Operation: Over a Barrel

Our local cooper, Bernandino, has over 20 years experience making barrels and learned his trade in Napa Valley. We’re so lucky to have him!

 

 

 

 

 

 

 

 

 

 

 

 

 

I finished paying for and picked up my last barrel. It was the only new one I bought. The other three are reconditioned, heavy toast French oak barrels from local cooper, Bernandino Guttierez. I chose a heavy toast for the Grenache and Mourvédre because a heavy toast seals the grain for less wood extraction and more emphasis on fresh fruit which is the style I’m looking for in these wines. My long awaited new barrel came from Radoux, a well-known barrel making company in Napa Valley. I chose it for the Syrah which is the most tannic, robust wine I’m making by myself this year and will age for 9 to 12 months, though I think it already tastes pretty good. The barrel maker says of my choice: “Appalachian oak barrels have pepper and spice and a long, lemon cream finish.” Medium plus toast is described as “The apex of aromatic potential, adding pronounced vanilla, sweet chocolate, maple syrup and spice.” Wow. Right? Barrel shopping is like a trip to the pâtisserie and makes my mouth water!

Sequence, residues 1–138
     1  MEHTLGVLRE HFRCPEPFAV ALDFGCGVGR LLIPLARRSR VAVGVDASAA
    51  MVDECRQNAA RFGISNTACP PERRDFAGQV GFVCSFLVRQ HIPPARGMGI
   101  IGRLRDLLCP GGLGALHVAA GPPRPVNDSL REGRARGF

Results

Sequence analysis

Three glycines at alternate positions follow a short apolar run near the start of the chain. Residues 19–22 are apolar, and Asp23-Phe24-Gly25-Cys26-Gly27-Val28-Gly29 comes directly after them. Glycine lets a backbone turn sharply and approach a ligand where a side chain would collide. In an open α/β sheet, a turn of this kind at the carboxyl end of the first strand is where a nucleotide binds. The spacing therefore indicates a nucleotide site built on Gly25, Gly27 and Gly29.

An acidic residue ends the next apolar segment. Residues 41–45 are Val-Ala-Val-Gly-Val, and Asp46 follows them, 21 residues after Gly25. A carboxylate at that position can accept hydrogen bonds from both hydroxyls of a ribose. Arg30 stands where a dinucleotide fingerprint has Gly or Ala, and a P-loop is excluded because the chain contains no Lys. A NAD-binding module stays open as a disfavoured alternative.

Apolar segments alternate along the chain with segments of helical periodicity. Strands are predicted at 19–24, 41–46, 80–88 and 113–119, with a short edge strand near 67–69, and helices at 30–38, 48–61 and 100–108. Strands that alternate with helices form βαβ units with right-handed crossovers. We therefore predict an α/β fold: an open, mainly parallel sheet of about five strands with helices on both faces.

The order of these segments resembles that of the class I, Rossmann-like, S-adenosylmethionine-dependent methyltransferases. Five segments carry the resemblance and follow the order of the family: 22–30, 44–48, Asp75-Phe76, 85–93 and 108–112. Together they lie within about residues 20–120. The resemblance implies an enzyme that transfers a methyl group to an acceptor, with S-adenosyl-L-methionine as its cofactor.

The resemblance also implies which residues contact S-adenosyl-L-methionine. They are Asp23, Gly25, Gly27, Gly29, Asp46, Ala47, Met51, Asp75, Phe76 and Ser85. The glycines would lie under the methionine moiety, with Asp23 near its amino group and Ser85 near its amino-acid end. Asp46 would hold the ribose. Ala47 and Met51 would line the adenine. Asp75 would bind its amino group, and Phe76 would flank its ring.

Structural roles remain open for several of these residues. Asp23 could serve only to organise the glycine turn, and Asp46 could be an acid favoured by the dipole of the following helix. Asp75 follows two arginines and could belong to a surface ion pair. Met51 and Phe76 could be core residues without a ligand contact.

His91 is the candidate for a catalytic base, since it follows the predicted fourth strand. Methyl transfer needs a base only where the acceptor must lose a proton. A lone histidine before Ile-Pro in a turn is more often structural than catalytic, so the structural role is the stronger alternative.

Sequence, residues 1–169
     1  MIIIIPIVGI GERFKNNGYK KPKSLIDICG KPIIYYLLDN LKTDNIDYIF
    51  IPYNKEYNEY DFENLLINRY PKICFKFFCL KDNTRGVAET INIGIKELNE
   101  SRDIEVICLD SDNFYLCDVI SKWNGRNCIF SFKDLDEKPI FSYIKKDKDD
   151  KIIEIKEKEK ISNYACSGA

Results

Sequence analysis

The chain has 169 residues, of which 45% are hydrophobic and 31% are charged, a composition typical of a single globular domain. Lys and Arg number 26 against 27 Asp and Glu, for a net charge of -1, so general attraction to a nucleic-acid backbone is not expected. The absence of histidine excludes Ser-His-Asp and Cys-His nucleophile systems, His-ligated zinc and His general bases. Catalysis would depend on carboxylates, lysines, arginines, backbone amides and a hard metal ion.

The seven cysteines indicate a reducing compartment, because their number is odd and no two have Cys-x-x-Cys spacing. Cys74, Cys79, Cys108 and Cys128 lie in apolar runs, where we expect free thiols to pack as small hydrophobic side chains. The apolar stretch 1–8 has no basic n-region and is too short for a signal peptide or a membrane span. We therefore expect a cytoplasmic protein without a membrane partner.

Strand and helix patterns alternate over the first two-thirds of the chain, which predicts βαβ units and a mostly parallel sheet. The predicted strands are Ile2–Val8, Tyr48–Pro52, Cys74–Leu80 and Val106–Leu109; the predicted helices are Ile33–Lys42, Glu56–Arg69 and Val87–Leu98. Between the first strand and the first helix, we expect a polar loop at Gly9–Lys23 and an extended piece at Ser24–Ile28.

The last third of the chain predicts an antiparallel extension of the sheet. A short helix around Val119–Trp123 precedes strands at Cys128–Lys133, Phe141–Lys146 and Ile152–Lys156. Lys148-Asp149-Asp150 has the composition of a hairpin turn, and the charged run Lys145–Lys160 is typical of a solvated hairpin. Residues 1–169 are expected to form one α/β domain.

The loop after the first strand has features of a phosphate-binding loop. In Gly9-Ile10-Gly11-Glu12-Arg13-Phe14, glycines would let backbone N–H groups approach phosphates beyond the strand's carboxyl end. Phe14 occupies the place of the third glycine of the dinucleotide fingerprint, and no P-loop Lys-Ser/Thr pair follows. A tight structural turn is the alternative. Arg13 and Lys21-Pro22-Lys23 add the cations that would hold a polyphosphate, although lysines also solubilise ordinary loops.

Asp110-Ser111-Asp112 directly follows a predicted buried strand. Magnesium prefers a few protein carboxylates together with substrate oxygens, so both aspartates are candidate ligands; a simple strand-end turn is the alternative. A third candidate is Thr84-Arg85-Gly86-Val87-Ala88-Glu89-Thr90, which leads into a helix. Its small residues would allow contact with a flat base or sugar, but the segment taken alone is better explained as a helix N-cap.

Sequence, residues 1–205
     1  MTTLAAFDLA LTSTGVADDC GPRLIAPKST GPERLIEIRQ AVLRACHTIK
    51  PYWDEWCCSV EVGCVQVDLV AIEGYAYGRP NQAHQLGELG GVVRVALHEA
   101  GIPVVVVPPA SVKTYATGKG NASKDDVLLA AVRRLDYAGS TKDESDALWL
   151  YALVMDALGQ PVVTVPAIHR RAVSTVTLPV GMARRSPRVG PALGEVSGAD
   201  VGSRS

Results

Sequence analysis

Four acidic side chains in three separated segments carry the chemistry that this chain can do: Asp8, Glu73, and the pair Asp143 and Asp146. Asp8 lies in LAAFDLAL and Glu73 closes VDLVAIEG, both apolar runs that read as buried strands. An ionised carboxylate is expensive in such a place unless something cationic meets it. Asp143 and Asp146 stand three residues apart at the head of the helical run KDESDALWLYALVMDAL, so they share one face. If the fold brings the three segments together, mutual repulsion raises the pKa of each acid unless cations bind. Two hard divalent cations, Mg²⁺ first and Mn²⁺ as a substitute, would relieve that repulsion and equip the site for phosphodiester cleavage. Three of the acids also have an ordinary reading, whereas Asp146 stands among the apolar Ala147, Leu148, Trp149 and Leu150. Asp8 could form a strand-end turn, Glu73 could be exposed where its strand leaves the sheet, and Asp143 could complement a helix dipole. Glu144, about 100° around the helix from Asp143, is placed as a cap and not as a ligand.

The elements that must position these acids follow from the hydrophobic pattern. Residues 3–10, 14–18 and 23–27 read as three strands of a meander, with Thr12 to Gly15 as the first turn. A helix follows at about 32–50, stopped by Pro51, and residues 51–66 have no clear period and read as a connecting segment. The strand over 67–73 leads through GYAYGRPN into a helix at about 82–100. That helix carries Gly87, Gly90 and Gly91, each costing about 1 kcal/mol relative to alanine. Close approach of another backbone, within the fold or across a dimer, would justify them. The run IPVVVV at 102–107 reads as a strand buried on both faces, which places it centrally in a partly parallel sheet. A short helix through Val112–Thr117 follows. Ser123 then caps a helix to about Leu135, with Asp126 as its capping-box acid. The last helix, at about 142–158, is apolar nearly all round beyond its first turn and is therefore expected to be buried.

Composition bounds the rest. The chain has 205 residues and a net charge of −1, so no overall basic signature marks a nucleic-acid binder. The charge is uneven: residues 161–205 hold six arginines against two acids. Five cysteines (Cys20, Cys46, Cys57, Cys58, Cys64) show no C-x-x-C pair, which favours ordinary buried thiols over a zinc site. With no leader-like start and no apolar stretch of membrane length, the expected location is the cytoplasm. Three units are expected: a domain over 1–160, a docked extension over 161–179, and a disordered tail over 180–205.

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A Little Cheese With My Whine, Please?

My winemaking boots are at rest

 

 

 

 

 

 

 

 

 

The frenetic pace has slowed down. I brought the girls home and my pink boots have been retired for the time being. We were too spread out, with a couple of wines on one end of town and several others in the next pueblo down the way. I was getting pretty road weary with all the running back and forth, having joined the ranks of weary winemakers all over the valley. However, after all my wines had gone to press and some were ready for the barrel …. Well, it just seemed sensible to have them all in one place. Someday I’ll have my own little winemaking bodega and a cellar for storing barrels. But for now I’ve renamed my house “Casa mi Cava”. The wine, mama winemaker, the pink boots, and even the dogs are all resting. Whew.

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Romancing the Grape

A clean harvest of quality fruit has the potential to develop into a great wine

What do winemaking and lovemaking have in common? While I’m searching for a punch line, picture this: an exacting young woman. Inexperienced but with brilliant aspirations and all the makings for greatness. She wants to give her all but conditions need to be just right. Too hot and she exhausts herself too early. Too cold and she becomes sluggish. Treat her roughly and she may become bitter. Neglect her and she will desiccate. And every woman is different and will respond differently to her environment. So will every grape respond with a life of its own to the longing winemaker’s advances.

 

 

 

 

 

 

 

 

 

 

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